“Having something that you have completed in your hands instead of a sort of meditation that leaves you with a sense of feeling better, is much different because of the existence of what you have created during the act of the woodworking session. This is what sets woodworking apart from other methods that are used for the purpose of reducing trauma and stress.” (Johnson, R. 2019). If you have ever built something, drawn something, or helped someone with any type of project, you know its ability to make you feel better. We have all accomplished something in life. Personal relationships, business deals, heck, even cooking a meal for a loved one. All these things make you feel better. Is it so hard to believe that completing a project would bring joy and satisfaction to your day? Imagine the entire process, the steps I have shared, coming up with an idea on your own, convincing a stranger to give you something for free, working hard to prepare for a task, ultimately creating something new, completing the task, and holding it in your hands. Showing the piece to family and friends or merely placing it on a shelf in your home or office. For a moment, maybe only for a little while, you will have taken your mind off thoughts you want to forget, have a sense of purpose, release stress, enjoy a sense of accomplishment, and ultimately complete another mission. After all, isn’t that what we signed up for?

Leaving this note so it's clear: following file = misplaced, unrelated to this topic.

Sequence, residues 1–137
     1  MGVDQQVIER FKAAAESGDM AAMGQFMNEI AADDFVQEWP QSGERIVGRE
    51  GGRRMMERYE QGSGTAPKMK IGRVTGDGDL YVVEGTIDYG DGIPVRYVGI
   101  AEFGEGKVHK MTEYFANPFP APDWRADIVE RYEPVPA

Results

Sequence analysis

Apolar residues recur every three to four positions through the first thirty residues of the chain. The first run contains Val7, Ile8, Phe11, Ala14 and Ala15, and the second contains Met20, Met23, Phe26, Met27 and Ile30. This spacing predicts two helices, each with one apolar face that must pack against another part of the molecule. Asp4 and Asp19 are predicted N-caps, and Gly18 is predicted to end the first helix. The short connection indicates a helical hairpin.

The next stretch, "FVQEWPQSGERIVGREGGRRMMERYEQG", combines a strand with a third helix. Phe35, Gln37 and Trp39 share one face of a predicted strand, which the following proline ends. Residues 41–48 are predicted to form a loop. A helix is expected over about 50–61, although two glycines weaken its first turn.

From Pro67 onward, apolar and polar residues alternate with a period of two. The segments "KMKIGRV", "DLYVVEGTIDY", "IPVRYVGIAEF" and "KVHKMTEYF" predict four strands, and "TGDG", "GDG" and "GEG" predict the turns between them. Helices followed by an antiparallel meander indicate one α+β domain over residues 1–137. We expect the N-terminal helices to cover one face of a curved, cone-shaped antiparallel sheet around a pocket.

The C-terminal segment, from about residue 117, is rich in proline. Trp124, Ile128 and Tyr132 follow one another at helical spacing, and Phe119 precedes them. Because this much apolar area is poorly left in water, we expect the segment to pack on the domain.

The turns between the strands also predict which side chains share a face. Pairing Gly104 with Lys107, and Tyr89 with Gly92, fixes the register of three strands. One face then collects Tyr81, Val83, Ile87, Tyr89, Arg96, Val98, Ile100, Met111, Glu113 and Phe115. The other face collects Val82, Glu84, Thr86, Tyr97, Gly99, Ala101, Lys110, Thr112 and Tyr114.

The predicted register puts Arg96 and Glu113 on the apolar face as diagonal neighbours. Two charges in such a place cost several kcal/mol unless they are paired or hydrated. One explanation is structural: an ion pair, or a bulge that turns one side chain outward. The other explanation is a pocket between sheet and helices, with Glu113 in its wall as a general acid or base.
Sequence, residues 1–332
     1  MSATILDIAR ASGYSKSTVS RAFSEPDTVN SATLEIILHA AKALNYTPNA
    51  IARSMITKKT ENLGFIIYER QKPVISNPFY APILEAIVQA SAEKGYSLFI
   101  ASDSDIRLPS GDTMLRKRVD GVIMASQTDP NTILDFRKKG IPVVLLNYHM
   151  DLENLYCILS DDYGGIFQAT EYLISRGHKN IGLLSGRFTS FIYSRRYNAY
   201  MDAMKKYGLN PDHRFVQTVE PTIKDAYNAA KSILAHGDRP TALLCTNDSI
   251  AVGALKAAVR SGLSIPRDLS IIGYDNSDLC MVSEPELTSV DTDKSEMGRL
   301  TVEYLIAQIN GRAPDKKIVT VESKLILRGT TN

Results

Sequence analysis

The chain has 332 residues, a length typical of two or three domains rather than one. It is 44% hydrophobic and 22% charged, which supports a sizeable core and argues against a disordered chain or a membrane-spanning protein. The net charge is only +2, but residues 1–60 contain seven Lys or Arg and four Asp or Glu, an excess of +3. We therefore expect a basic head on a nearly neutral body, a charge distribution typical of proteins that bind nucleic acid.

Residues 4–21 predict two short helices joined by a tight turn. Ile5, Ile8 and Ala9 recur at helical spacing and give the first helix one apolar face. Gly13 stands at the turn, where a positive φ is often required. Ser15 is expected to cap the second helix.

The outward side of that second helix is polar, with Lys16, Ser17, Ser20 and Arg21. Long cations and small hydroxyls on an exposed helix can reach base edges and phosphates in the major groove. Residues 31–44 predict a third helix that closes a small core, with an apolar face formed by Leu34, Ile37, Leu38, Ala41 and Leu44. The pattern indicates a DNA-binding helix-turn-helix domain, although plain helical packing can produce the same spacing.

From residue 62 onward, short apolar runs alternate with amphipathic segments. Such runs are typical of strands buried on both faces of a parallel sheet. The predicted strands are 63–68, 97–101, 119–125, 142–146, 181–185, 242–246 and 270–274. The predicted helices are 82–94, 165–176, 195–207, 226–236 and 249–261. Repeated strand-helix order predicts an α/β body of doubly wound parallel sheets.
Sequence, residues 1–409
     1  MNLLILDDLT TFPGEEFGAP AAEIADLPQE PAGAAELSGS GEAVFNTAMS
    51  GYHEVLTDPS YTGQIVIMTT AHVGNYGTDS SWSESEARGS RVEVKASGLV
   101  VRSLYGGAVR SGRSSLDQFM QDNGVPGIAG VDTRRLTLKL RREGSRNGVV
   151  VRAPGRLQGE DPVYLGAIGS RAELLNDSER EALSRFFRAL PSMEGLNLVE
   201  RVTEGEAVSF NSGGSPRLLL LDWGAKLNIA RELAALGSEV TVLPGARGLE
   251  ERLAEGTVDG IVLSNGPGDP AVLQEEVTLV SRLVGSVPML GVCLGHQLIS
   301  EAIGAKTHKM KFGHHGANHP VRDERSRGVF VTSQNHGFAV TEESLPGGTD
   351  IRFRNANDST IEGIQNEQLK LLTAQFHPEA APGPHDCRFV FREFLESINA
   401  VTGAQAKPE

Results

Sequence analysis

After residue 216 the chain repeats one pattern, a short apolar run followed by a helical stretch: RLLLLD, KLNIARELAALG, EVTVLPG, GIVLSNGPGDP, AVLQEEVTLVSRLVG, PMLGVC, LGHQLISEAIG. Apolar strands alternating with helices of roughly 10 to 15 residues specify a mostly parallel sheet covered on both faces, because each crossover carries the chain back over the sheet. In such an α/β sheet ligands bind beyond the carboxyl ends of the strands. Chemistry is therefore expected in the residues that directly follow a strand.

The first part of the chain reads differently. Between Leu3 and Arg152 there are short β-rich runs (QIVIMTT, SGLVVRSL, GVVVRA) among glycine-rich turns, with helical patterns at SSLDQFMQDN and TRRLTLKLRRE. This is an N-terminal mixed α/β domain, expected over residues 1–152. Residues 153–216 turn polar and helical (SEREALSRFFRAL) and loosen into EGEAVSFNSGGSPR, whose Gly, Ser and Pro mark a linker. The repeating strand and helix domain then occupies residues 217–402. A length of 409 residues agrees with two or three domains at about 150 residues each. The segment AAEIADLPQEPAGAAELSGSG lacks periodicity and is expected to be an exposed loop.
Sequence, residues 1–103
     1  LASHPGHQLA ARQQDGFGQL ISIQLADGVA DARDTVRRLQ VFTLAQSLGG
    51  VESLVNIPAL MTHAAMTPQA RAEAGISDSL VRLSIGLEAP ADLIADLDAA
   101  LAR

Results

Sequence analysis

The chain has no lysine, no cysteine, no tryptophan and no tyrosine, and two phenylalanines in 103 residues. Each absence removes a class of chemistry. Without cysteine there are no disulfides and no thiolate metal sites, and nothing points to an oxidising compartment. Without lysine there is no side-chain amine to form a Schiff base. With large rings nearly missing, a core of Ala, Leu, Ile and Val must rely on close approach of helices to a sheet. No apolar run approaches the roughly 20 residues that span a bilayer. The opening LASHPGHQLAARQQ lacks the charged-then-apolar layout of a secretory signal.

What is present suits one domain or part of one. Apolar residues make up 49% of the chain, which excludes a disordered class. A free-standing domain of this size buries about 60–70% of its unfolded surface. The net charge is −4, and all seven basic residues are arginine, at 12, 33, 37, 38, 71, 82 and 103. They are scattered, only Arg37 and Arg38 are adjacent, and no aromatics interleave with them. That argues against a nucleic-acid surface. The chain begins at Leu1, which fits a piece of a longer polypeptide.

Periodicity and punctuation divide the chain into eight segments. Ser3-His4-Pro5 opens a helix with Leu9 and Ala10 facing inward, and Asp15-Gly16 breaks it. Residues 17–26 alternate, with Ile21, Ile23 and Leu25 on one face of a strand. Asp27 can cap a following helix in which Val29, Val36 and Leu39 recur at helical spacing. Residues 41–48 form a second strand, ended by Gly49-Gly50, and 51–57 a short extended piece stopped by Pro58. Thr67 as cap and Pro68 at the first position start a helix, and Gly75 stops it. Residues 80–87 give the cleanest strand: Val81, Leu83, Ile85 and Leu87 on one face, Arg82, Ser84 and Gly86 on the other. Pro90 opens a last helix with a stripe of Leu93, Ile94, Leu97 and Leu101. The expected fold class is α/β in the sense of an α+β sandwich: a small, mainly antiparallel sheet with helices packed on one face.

1. Conner, T. S., DeYoung, C. G., & Silvia, P. J. (2018). Everyday creative activity is a path to flourishing. The Journal of Positive Psychology, 13(2), 181–189. https://doi.org/10.1080/17439760.2016.1257049 Retrieved from https://psycnet.apa.org/record/2018-01905-009

2. Hofmann, S.G., & Otto, M.W. (2017). Cognitive Behavioral Therapy for Social Anxiety Disorder: Evidence-Based and Disorder Specific Treatment Techniques (2nd ed.). Routledge. https://doi.org/10.4324/9781315617039. Retrieved from https://www.taylorfrancis.com/books/mono/10.4324/9781315617039/

3. Johnson, R. (2019). Woodworking as PTSD/CPTSD Therapy. Living with Health, Wellness and Wholeness, Anxiety, Panic & Health. Retrieved from https://anxietypanichealth.com/2019/01/22/woodworking-as-ptsd-cptsd-therapy

4. Joshua E. Curtiss, Ph.D., Daniella S. Levine, B.A., Ilana Ander, B.A., Amanda W. Baker. Cognitive-Behavioral Treatments for Anxiety and Stress-Related Disorders, Ph.D.Published Online:17 Jun 2021https://doi.org/10.1176/appi.focus.20200045. Retrieved from https://focus.psychiatryonline.org/doi/10.1176/appi.focus.20200045

5. Oppizzi LM, Umberger R. The Effect of Physical Activity on PTSD. Issues Ment Health Nurs. 2018 Feb;39(2):179-187. doi 10.1080/01612840.2017.1391903. Epub 2018 Jan 10. PMID: 29319376. Retrieved from https://pubmed.ncbi.nlm.nih.gov/29319376/